The three-masted schooner BARON HILL (named after an estate near Beaumaris) was built at Amlwch in April 1876 and was owned by Millom's William Postlethwaite from 1876 until her loss on the 26th March 1898. Travelling from Flint to Newcastle with a cargo of salt cake, the Baron Hill was towed out and then stranded and lost in wind conditions ENE Force 6 in the Dee estuary 2 miles from Flint. The master was Capt. L. Hughes and there was a crew of six. Her crew managed to get safely ashore. Within two days she was a total wreck and being stripped.

Contemporary newspaper report:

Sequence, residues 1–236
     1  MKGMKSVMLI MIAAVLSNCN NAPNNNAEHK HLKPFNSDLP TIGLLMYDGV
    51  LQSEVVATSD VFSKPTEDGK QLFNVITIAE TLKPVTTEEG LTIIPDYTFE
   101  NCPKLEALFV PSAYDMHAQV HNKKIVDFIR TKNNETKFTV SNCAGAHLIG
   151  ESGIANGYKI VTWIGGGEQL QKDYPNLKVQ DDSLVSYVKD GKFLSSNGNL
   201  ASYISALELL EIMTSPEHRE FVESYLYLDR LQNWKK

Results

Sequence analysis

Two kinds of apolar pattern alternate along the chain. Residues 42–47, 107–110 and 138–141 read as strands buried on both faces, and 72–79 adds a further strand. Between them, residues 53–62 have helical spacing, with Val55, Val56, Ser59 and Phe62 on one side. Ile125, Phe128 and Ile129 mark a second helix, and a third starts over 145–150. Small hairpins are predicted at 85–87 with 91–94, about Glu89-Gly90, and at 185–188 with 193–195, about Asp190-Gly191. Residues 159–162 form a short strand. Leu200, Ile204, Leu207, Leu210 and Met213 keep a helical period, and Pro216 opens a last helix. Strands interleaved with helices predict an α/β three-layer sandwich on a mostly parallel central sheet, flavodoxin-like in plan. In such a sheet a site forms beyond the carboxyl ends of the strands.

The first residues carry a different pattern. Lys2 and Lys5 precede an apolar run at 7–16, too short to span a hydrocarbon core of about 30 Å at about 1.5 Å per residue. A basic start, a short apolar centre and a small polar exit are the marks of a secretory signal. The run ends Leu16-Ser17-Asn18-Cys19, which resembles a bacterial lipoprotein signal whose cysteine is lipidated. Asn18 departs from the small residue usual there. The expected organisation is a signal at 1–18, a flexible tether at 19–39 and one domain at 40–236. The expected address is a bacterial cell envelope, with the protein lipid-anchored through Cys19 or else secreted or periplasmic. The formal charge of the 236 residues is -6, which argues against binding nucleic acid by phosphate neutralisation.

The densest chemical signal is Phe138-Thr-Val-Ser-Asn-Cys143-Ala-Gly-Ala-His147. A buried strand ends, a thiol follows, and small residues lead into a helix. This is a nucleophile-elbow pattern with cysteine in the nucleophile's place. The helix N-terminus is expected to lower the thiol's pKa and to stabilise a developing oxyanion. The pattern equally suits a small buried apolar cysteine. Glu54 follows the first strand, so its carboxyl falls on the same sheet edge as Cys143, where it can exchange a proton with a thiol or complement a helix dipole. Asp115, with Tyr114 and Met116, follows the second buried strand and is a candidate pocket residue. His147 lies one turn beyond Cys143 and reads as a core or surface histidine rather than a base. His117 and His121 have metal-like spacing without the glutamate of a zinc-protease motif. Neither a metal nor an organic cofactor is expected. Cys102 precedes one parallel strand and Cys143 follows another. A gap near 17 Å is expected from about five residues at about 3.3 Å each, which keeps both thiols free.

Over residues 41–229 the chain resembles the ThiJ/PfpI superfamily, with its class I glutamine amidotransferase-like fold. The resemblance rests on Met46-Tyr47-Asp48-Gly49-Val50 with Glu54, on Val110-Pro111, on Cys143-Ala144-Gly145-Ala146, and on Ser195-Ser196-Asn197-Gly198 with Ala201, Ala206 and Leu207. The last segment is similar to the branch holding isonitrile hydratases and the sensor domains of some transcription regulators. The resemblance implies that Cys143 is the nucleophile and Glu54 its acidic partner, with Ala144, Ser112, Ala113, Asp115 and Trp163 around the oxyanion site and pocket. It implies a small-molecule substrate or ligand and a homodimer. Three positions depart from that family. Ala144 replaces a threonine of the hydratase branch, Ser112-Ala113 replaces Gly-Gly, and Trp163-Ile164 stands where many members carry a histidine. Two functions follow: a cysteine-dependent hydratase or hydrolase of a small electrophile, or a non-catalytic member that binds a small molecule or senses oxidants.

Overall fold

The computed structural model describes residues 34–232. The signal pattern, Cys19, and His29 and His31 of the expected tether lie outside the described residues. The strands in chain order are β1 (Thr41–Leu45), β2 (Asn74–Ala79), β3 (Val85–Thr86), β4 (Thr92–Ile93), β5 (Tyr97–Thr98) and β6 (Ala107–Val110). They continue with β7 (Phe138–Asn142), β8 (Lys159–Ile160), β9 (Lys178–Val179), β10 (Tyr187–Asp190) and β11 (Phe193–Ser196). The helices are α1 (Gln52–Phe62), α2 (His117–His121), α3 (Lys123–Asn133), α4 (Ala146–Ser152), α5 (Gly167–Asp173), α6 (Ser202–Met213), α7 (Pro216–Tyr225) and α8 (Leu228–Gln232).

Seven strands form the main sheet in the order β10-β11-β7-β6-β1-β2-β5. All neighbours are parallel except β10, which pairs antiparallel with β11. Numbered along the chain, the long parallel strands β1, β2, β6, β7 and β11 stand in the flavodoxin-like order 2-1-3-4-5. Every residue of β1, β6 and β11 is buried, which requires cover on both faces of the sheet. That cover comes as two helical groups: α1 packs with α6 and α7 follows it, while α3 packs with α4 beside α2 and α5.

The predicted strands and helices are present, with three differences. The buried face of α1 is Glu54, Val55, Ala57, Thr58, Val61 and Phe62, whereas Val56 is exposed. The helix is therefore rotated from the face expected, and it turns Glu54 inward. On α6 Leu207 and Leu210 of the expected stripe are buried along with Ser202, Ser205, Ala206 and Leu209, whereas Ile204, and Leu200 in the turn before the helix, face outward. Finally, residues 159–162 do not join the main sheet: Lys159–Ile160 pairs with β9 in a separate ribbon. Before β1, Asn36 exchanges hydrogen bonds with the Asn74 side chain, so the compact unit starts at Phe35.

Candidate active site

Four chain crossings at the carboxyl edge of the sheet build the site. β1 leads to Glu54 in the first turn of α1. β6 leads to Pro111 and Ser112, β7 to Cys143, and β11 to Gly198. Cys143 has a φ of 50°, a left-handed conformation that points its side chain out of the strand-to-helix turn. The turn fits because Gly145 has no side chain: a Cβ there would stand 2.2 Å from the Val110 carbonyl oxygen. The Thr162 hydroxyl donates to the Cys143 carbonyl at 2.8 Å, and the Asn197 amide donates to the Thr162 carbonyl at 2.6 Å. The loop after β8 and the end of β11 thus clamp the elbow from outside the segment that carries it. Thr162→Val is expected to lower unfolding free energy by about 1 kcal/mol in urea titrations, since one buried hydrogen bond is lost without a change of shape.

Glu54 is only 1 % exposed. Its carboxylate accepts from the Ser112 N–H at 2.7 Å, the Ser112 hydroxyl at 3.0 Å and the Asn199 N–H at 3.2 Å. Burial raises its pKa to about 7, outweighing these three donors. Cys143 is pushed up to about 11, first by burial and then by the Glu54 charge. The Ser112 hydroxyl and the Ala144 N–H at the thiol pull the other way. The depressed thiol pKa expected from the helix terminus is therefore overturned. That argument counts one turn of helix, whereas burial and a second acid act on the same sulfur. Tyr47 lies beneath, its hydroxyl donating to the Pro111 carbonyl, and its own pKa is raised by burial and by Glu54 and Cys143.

On Thursday a severe gale from a north-easterly direction commenced to blow at this port [Connahs Quay], and continued throughout Friday and Saturday. On the wharves the full violence of the storm was felt, the cold being intense and snow falling at intervals. During high water at the docks on Thursday the river presented a turbulent appearance, and ships that had completed loading were quite unable to move out. The same difficulty was experienced on Friday, but steam tugs were employed, and a few of the ships succeeded in getting into the river after a most exciting time. On Friday's tide a large schooner, named the Baron Hill (350 tons burthen), loaded with a cargo of salt cake from Flint to Newcastle-on-Tyne, left the former place in tow of the steam tug Manxman in the teeth of the gale in the hope of safely reaching deep water in the Wild Roads. She had not proceeded far when she grounded in the river, and all efforts during the following night's tide to get her off proved unavailing. It is said that during Sunday a large amount of water was in the hold, and the crew had to leave the ship. One of the masts has been carried away, and it is feared the ship will break up and become a total wreck.